Economic opportunities abound for regional Queensland



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Speakers at the eighth CEDA Queensland Economic Development Forum described a raft of opportunities across tourism, defence, agriculture and transport set to boost regional Queensland economies for years to come.

Delivering the event’s keynote address, Federal Minister for Regional Development, Territories and Local Government, the Hon. Dr John McVeigh, a Toowoomba native, said regional Queensland has a significant university sector, skilled workforce, high-quality education, good jobs growth and leaders with vision, dedication and entrepreneurialism.​

Dr McVeigh outlined the Government’s economic measures, including tax relief and budget reform, which, he said, was helping to boost regional economies.

The Government, he said, has a plan for a stronger regional Australia with an outlook of at least 10 years.
Mr McVeigh said a key plank in the Government’s plan for regional Australia was the creation of jobs, particularly in the private sector, through the $220 million Regional Jobs and Investment Package, which is harnessing projects in regions that have significant opportunities.

In regional Queensland, he said, there were opportunities for jobs in tourism, transport hubs and new manufacturing.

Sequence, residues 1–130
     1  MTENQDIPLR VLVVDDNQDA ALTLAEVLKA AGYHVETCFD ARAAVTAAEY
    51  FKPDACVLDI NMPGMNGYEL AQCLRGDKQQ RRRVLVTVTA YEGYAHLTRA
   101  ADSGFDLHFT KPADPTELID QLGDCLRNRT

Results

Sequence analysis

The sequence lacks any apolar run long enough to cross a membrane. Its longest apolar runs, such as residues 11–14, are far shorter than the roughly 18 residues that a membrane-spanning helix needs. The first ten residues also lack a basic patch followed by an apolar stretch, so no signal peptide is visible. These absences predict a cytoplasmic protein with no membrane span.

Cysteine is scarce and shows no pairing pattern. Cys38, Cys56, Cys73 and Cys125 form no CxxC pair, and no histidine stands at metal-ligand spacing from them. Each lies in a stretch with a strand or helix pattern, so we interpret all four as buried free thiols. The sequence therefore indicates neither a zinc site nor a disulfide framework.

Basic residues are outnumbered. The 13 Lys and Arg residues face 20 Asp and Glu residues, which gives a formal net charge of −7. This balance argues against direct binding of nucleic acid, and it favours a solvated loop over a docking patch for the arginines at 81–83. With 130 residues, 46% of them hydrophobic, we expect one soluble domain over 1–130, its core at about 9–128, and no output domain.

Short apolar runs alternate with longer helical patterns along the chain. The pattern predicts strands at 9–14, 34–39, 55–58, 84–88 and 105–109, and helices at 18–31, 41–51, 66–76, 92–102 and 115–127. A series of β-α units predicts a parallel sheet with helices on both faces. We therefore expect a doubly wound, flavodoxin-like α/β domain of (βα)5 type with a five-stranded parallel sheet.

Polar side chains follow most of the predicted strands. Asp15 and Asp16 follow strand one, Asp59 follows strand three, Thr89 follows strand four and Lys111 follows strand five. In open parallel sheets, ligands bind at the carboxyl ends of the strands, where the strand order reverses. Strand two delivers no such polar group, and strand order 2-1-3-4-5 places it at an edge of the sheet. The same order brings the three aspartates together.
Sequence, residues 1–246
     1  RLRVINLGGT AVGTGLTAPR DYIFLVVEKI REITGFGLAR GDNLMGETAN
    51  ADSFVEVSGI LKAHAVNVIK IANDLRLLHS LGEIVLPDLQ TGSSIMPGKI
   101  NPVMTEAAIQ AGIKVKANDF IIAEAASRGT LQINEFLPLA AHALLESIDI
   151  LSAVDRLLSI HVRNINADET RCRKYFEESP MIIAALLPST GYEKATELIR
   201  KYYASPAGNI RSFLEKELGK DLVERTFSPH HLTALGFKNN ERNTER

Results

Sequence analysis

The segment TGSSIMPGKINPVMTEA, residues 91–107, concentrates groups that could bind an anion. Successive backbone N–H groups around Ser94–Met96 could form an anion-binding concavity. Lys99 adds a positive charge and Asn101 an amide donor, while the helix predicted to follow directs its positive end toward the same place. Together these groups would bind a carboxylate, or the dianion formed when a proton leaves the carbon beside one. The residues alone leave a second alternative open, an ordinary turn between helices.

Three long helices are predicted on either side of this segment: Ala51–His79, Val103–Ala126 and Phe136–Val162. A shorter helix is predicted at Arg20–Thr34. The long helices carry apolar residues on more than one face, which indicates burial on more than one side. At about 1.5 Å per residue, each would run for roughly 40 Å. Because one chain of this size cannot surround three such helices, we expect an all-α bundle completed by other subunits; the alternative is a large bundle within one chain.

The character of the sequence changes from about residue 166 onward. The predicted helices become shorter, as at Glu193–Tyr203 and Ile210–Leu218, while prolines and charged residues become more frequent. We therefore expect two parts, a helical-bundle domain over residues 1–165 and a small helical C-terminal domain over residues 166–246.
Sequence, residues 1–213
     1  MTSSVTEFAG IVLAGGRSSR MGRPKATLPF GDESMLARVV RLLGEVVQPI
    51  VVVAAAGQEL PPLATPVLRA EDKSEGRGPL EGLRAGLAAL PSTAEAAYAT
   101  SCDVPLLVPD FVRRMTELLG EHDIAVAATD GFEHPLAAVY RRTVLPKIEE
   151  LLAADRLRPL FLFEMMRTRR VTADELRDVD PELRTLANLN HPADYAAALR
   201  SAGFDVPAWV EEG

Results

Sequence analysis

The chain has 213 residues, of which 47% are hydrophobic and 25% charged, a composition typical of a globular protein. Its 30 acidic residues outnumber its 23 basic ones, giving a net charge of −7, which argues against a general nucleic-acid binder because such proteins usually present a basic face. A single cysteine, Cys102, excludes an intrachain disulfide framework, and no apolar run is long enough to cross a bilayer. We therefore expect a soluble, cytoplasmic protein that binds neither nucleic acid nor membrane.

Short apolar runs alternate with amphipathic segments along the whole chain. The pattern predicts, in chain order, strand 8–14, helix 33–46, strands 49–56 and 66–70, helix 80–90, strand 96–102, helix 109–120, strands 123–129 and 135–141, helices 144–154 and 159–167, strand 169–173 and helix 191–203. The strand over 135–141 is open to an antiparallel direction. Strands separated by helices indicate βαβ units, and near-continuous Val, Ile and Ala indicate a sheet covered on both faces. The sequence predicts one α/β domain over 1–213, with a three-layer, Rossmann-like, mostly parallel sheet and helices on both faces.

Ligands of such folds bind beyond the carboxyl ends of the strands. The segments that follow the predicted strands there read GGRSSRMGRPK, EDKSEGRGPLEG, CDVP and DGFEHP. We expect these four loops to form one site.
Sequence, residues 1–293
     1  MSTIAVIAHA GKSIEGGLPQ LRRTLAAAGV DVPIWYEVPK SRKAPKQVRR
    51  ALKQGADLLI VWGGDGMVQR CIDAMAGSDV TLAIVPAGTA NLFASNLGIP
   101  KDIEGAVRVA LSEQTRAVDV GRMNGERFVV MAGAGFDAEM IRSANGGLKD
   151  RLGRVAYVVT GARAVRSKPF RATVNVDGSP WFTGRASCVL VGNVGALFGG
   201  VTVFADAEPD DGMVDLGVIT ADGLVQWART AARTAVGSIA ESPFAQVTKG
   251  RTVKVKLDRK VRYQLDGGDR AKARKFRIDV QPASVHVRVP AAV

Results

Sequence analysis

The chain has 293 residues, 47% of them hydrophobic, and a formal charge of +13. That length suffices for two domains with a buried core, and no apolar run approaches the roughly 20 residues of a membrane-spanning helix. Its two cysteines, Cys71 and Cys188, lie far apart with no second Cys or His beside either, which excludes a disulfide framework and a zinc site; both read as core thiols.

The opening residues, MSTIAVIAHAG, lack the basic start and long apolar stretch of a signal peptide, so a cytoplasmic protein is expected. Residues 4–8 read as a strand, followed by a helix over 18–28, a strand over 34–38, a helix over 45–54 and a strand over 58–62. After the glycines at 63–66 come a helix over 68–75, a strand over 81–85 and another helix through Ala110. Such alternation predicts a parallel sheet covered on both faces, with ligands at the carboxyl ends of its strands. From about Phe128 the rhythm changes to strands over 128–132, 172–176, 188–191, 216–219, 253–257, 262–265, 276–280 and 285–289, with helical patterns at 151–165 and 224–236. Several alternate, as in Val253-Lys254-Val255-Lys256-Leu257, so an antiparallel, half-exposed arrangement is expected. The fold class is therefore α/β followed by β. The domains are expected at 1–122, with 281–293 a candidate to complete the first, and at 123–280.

Public service job opportunities will also be boosted in regional Australia through the Government’s dedicated plan to decentralise public sector jobs away from Canberra, Sydney and Melbourne.


Possible new trade deals with Europe and a post-Brexit UK could also provide opportunities for farmers and regional manufacturers, he said.

Dr McVeigh said opportunities would also come through partnerships.

“I talked about governments working with the private sector. Equally we need local government working with state government, working with federal government irrespective of the politics of the day,” he said.

Dr McVeigh reminded those present that Brisbane, along with other significant centres, owed much of its success and opportunities to regional Queensland.

An entirely new industry for Australia